Aṅguttara Nikāya

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Aṅguttara Nikāya
Catukka Nipāta
VIII: Apaṇṇaka Vagga

The Book of the Gradual Sayings
The Book of the Fours Chapter VIII: The Sure

Sutta 80

Kamboja Suttaɱ

Essence of the Deed

Translated from the Pali by F. L. Woodward, M.A.

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[1][olds] Thus have I heard:

On a certain occasion the Exalted One was staying at Kosambī
in Ghosita Park.

Then the venerable Ānanda came to the Exalted One,
and on coming to him
saluted him
and sat down at one side.

As he sat at one side
the venerable Ānanda said this
to the Exalted One:[1]

'Pray, lord, what is the reason,
what is the cause
why womenfolk neither sit in a court (of justice),
nor embark on business,
nor reach the essence of the deed?[2]

"Womenfolk are uncontrolled, Ānanda.

Womenfolk are envious, Ānanda.

Womenfolk are greedy, Ānanda.

Womenfolk are weak in wisdom, Ānanda.

That is the reason,
that is the cause
why womenfolk do not sit in a court of justice,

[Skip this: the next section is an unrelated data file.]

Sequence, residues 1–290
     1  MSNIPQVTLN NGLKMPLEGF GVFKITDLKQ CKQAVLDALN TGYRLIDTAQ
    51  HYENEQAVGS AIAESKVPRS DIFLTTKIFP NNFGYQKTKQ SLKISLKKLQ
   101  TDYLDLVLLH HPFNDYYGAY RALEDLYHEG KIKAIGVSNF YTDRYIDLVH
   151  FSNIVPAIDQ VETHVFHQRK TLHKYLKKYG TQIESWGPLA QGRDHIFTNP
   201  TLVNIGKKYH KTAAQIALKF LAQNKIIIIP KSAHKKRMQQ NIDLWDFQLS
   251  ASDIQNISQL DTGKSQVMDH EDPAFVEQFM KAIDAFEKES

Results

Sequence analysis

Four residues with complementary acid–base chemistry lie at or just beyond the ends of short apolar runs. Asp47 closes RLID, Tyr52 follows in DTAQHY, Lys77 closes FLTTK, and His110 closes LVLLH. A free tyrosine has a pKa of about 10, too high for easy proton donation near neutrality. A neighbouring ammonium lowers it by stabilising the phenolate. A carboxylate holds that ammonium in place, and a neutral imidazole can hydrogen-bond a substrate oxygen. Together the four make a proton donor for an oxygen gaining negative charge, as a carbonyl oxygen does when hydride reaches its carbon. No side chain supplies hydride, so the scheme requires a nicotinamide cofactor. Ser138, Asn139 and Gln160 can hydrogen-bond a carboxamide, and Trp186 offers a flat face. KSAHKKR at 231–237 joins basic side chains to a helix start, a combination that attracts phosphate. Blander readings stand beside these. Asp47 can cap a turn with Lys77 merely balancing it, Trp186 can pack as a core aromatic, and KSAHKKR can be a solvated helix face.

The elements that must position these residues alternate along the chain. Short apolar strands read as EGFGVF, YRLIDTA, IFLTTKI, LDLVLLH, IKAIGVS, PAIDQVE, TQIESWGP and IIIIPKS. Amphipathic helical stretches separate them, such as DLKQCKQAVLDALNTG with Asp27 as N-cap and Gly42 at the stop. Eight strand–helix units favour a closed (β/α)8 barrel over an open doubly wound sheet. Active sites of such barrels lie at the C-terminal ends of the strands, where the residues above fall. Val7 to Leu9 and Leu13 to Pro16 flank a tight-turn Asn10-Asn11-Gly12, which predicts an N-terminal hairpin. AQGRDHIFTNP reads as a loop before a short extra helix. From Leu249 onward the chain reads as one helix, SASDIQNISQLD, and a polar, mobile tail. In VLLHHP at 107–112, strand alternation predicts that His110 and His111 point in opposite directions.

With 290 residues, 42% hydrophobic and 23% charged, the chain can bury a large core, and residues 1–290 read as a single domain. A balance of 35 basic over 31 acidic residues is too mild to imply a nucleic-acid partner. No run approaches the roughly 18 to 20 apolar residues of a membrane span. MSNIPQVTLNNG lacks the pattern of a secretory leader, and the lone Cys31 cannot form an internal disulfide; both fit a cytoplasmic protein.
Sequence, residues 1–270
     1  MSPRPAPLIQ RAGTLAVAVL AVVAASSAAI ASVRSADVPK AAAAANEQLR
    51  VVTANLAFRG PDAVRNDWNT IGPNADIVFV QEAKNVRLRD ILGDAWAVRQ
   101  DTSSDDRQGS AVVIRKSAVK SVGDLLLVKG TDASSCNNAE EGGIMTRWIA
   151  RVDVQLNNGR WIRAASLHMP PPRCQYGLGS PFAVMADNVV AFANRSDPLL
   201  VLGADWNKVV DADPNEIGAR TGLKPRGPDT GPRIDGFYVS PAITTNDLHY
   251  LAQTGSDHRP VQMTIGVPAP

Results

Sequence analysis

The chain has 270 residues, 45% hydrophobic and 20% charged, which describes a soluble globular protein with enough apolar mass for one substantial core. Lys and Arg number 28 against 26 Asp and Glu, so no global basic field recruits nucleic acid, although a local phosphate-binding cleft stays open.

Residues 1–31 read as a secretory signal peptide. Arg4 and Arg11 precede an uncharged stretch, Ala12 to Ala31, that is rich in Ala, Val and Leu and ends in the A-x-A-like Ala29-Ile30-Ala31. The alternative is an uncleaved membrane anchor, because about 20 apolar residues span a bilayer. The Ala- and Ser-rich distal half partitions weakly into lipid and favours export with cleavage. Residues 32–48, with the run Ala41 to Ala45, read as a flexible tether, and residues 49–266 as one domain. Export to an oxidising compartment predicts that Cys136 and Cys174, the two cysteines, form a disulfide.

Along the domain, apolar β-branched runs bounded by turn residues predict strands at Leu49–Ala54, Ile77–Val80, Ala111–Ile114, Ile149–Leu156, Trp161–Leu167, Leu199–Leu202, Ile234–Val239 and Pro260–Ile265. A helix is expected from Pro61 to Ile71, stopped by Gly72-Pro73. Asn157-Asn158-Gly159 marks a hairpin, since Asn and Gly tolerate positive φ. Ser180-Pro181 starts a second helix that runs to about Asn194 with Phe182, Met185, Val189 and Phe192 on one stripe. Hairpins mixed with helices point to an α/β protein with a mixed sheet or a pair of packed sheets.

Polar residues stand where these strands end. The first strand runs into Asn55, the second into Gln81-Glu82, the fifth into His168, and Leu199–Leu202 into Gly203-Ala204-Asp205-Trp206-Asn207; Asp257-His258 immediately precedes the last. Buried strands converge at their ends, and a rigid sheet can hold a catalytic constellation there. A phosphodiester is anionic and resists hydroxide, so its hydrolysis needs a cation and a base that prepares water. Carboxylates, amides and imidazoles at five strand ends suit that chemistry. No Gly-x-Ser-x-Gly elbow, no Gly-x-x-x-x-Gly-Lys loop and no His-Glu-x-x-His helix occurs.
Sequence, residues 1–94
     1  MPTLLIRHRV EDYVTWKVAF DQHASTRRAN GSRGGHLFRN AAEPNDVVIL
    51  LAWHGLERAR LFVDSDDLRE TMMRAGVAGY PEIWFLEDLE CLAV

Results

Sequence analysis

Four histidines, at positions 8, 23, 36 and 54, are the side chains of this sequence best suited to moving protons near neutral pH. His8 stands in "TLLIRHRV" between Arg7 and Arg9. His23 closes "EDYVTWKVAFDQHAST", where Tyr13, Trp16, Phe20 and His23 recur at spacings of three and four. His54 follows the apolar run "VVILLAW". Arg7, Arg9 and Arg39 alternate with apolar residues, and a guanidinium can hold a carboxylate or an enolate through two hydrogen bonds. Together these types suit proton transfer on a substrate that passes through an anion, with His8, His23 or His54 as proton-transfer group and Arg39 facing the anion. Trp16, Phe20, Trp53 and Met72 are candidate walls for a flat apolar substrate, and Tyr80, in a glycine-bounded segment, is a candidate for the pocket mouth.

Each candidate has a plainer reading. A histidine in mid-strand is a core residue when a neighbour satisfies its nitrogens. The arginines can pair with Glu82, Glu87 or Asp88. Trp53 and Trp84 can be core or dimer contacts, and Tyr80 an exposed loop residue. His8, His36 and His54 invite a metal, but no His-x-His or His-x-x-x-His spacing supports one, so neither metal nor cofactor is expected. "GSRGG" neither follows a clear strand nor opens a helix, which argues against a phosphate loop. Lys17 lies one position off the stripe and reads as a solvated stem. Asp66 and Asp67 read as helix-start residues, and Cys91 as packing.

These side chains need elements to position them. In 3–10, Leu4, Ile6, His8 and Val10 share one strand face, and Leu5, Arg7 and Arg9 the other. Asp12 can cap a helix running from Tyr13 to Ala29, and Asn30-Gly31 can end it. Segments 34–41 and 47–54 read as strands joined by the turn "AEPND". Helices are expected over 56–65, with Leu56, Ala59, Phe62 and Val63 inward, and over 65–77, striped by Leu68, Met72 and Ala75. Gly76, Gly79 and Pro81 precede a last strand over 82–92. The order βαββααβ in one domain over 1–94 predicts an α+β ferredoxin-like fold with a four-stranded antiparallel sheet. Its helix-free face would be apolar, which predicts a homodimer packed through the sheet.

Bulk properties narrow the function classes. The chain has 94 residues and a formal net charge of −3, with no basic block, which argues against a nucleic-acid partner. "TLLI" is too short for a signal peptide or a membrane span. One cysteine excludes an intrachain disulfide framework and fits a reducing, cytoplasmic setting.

do not embark on business,
do not reach the essence of the deed."


[1] Ānanda is often found interested in women. But cf. K.S. iv, 165 ff.

[2] Text kamm'ojaɱ (so also MSS. Adyar), the only instance of the word I have found; but Sinn. text and Comy. Kambojaɱ (?), the country in N.W. India next to Afghanistan. I follow our text's reading as there seems no reason for thus naming this country as a goal for woman's ambition. At JA. vi, 208 [Jāt 543] its natives are accounted barbarians. It may, however, have been on one of the great caravan routes. Comy. adds 'in search of wealth.' Cf. Dhamm'oja, 'essence of dhamma.' I think my rendering (pith of the matter) suits better with the fourth quality, duppañño, given for their shortcomings. (Oja is generally named in the series of dhātuyo; vaṇṇa, gandha, rasa, oja.) It is named as something extra - e.g., as when devas put oja into the milk-rice of Sujātā or the truffles of Cunda, etc. (cf. SnA. ii, 154) - whereas certain yakkhas called ojohārā take it away.

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